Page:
University of Wisconsin-Madison Crest
Wisconsin Energy Institute

Johnson Controls, UW open energy storage systems test lab in Madison

By: 

Tom Content

Source: 

Plugged In, Journal Sentinel

May 05, 2014

Madison — While scientists in Milwaukee research the best chemistries for next-generation car batteries, another partnership between Johnson Controls and the University of Wisconsin-Madison is looking at how next-generation batteries fit in the bigger energy picture.

Company officials joined engineers and students at UW-Madison Monday to unveil an Advanced Systems Test Lab inside the Wisconsin Energy Institute building that opened last year on campus.

The company helped fund new equipment in a high-bay lab that also received financial support from the Mid-West Energy Research Consortium, based in Milwaukee.

The focus of the collaboration is to analyze lithium ion batteries and their life cycle as well as how they interact inside vehicles but as part of larger energy systems.

The university is researching vehicle-to-grid energy storage systems that would help use the energy stored in vehicle batteries to help power the electric grid as a whole, said professor Tom Jahns, an engineering professor at UW-Madison whose work focuses on power electronics.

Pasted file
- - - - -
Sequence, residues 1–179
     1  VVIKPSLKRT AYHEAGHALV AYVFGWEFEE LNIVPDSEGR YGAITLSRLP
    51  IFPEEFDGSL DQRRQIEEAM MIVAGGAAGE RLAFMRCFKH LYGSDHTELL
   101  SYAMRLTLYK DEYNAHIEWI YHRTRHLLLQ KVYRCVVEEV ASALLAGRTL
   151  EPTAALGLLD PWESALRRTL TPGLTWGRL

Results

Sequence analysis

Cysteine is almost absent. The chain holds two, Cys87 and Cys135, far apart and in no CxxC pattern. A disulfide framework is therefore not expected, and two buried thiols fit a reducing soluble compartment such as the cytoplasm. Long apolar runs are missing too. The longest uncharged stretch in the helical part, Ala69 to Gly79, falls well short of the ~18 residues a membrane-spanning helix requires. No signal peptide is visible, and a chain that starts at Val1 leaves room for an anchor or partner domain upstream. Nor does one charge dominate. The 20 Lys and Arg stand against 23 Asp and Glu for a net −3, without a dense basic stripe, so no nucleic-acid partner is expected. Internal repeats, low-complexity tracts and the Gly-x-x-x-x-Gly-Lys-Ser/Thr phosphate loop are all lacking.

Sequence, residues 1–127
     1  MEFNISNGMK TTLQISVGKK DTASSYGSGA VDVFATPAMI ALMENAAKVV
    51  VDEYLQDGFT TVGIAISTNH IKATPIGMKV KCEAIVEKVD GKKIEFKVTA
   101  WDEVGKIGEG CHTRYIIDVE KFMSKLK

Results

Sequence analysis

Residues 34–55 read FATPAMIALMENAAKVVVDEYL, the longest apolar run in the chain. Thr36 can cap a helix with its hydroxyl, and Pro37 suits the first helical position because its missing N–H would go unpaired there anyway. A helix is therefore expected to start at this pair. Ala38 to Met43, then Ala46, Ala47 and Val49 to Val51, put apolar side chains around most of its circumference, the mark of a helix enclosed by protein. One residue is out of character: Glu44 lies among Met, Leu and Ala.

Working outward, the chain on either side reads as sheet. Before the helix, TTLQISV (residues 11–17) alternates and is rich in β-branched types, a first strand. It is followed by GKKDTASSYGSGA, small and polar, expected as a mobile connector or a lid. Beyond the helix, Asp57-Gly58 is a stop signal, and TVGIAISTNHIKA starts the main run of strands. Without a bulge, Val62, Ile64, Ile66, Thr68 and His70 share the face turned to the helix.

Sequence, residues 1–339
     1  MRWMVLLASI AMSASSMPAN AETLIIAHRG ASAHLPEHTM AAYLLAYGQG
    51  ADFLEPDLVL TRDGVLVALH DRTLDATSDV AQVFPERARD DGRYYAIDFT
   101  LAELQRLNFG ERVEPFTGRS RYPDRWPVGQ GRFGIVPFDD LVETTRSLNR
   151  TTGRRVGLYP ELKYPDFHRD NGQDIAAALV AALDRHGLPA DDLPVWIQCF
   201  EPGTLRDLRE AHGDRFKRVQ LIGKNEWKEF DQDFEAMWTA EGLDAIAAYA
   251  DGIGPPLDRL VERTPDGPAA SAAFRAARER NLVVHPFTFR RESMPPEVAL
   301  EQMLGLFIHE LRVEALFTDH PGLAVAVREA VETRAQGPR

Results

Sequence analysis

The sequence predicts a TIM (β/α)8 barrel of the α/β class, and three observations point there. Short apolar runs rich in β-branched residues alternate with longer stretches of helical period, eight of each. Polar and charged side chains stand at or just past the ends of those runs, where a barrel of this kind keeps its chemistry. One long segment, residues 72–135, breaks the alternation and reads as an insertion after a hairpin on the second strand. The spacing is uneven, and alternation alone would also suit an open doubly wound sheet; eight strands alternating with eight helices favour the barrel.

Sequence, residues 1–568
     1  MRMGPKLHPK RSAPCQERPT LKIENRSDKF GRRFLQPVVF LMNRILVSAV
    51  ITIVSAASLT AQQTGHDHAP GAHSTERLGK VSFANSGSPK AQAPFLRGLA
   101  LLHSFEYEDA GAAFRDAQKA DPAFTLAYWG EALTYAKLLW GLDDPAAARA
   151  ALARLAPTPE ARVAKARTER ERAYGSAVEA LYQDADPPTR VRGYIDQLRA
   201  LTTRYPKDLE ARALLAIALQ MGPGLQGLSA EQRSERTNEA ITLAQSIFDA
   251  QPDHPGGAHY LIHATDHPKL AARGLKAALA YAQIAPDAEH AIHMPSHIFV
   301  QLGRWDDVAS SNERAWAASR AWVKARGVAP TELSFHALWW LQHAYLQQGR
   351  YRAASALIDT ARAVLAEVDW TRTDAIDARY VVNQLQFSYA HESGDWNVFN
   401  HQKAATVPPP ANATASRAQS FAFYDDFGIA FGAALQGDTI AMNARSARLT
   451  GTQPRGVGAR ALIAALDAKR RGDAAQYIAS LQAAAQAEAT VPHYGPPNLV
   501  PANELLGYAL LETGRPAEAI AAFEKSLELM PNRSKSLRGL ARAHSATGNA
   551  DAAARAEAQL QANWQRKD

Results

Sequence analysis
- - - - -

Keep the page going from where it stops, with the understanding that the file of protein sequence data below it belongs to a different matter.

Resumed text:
“At the end of the day when there are enough electric vehicles out there, we’ll be able to access that stored energy and use it as part of the electric grid,” Jahns said.

Creation of the lab “represents a significant milestone in our pursuit of integrated clean energy systems and cutting-edge storage technology at the university,” said Mike Corradini, director of the Wisconsin Energy Institute. The Madison lab is different from and complements the labs Johnson Controls has helped fund with other research partners including the University of Wisconsin-Milwaukee.

UW-Milwaukee’s engineering college is home to research collaborations with faculty and company engineers looking at battery cell technologies, and the components of batteries themselves.

The lab in Madison, meanwhile, is focused on analysis of batteries for use in not only vehicles but also storage for the power grid and other applications.

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